Nintendo Debuts Labo Cardboard Add-Ons for Young Gamers

Nintendo has begun selling Nintendo Labo, $70 and $80 cardboard add-ons that, with software, let users transform the hybrid Switch tablet/console into a miniature piano, motorcycle handlebars, robot exo-skeleton and other objects. The goal is to appeal to new users outside its core base of hardcore gamers. Nintendo president Tatsumi Kimishima said that only 10 percent of Switch users last year were younger than 16, likely due to its $300 price point, which is more than double Nintendo’s 3DS handheld system.

Bloomberg reports that, “Labo underscores Nintendo’s desire for the Switch to evolve into a more versatile entertainment device, and will most likely be just the first of many such initiatives.” Morningstar Investment Services analyst Kazunori Ito pointed out that, “Switch was loved by Nintendo’s core users because the company brought out all of its strongest characters in the first year.”

“But the second year will be getting more people to try it out,” he said. “That’s the second act for Switch.”

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“Nintendo shares aren’t currently pricing in that Labo will be a huge hit,” said Myojo Asset Management chief executive Makoto Kikuchi. “If we start to see indications that it’s selling well, we could see the stock move up a level.”

When word got out that Ohmura Shigyo Co. was the cardboard manufacturer for Nintendo, its shares “jumped more than fourfold in January.” Likewise, Rengo Co., another supplier for the Labo, saw its shares enjoy “a brief rally.” Bloomberg estimates that, “first-year Labo sales are projected to be 3.4 million to 10 million units,” with adoption rates per console seen at 8 percent to 30 percent. According to Macquarie Securities analyst David Gibson, gross profit from Labo is estimated at 4 billion yet ($37 million) for that period.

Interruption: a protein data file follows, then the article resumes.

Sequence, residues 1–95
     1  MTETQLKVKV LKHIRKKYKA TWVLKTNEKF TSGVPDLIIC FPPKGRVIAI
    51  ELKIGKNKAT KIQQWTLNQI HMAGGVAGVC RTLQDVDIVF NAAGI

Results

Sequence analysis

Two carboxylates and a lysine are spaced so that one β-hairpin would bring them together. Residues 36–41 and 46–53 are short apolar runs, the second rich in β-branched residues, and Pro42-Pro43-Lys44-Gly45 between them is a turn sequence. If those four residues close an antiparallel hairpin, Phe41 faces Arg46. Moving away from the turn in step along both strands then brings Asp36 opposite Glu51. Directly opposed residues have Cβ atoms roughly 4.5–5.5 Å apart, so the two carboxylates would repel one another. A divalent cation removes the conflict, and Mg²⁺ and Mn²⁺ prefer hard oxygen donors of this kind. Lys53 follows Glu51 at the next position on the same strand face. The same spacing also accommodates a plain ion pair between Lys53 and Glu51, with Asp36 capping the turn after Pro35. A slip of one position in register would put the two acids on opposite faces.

In addition to price, other reasons why those younger than 16 have been slow to adopt Switch is that it’s too big and that its game titles (“Super Mario,” “Zelda” and “Splatoon 2”) are “more popular with die-hard gamers.” “This is the beginning of targeting the youth market,” said Jeffries analyst Atul Goyal. “It’s a turn from the core gamers to the kids. I think it will be a lot like Lego bricks. Kids will enjoy building it.”

Other Labo products are on the way, said a company spokesperson; it might also be an ideal way to approach virtual or augmented reality. Bloomberg reports that, “in 2016, Nintendo filed a patent application for a VR headset that featured a design similar to Google’s own cardboard-based headset, where a Switch-like display screen is slid into a paper visor.” The company also filed a patent application that “outlined a system that would link the screens of several consoles together to form a single, large playing area.”

Nintendo also just launched a program “to nurture outside developers who can find new ways to play or use the Switch.”

Related:
Nintendo Labo Review, TechCrunch, 4/20/18